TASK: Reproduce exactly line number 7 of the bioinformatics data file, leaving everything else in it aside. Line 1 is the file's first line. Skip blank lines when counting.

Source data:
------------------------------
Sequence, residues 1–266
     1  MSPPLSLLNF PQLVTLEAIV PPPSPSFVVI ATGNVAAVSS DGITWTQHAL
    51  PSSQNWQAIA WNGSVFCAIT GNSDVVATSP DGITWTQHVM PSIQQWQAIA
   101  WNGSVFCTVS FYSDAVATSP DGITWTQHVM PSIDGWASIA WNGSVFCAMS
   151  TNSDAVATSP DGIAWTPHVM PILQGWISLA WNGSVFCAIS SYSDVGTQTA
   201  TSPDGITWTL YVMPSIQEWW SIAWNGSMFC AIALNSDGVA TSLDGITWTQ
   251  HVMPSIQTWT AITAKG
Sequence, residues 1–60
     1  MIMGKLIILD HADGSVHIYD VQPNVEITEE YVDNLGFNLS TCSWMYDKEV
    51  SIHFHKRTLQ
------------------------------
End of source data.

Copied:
   251  HVMPSIQTWT AITAKG